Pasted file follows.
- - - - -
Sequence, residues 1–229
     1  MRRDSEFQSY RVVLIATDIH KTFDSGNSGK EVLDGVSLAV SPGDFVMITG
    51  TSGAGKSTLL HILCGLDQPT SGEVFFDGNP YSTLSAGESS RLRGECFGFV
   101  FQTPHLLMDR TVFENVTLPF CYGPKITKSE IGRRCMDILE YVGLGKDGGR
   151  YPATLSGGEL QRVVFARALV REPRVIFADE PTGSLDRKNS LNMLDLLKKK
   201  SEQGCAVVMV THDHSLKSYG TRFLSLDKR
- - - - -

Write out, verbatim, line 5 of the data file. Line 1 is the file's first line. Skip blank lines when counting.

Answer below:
   151  YPATLSGGEL QRVVFARALV REPRVIFADE PTGSLDRKNS LNMLDLLKKK